The Importance of Shared Networking
Sharing an Internet connection between buildings is nothing if not practical. There’s no reason for a business to pay for more than one Internet access point when a much cheaper alternative is available. Through microwave RF links, multiple buildings can share a single Internet connection, which helps to save money every month.
However, where shared networking really shines is in one common Ethernet connection which supports a local area network, or LAN. There are myriad advantages to sharing a single LAN within a business, even when – or even especially when – the business is separated into multiple buildings. A local area network allows for a shared company database, so businesses can access important files and keep them updated in real time. For more information on the importance of LANs, please refer to the published article on LANs and Ethernet.
Microwave RF links are also highly useful to transfer voice data, that is, telephone calls, between buildings in close proximity. A business which has extension lines to many different buildings may choose to use microwave links rather than physical cables to make a usable connection, which allows for more mobility and fewer installation woes. They can transfer video data as well, which facilitates simultaneous viewing of media within a business even if the viewers are in different locations.
History of Microwave RF Link Development
Microwave transmissions were first researched in the 1930s, with various teams from sources such as Stanford University and Bell Telephone Laboratories making important advancements. Cavity magnetrons, a type of microwave emitter, were developed during World War II by the British and became useful in radar systems. It was not until 1947 that Bell System first installed a microwave-based communications network, which grew rapidly: by 1960, microwave communications were responsible for carrying around 40% of Bell’s intercity traffic, and they only grew more popular thereafter. Currently, microwave technology is used to stream live television from great distances; improve the safety of airplanes; carry telephone calls; rapidly heat food; and perform various tasks which involve the transfer of electronic data.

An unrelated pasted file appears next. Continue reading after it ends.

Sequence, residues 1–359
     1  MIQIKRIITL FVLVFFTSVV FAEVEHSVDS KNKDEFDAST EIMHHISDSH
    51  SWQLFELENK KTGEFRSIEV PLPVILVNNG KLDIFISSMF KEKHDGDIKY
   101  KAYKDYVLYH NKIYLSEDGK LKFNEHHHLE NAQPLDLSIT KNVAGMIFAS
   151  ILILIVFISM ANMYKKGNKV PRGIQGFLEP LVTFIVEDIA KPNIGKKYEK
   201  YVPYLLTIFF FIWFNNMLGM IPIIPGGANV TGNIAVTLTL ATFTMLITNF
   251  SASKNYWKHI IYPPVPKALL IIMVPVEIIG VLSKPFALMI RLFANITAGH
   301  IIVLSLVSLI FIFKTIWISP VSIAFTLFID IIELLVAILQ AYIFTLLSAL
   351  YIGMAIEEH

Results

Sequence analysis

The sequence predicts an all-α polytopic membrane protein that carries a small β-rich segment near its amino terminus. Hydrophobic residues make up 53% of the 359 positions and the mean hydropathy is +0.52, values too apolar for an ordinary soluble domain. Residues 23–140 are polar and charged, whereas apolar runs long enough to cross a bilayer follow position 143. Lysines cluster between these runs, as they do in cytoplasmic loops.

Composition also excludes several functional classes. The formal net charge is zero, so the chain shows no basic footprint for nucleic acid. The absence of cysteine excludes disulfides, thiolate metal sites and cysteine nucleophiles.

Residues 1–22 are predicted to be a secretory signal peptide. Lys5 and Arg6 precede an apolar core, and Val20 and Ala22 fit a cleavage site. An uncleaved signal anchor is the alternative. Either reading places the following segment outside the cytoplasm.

Pros, Cons, and Safety Concerns of Microwave RF Links
Of course, before opting to install microwave links in a building, one should be fully aware of the advantages and disadvantages of such a choice. The following information should be considered when deciding whether or not microwave RF links are the right decision.
Reasonably high speed data transfer with good bandwidth and a long range.
- Can penetrate walls within a building.
- Eliminates the need for complicated wires and cables.
- Very easy installation.
- Highly susceptible to poor weather conditions, especially when moisture is present: fog, rain, mist, snow, clouds, et cetera may disrupt microwave communications.
- Requires a clear line of sight between buildings.
Testing has shown that the amount of radiation produced by microwave RF links is extremely minimal – hardly more than that produced by a standard cell phone. No ill effects linked to the close proximity of microwave communications have been observed.
Learn more about the benefits of a free to air installation in our blog post:
Interconnecting Multiple Offices: What Are My Options?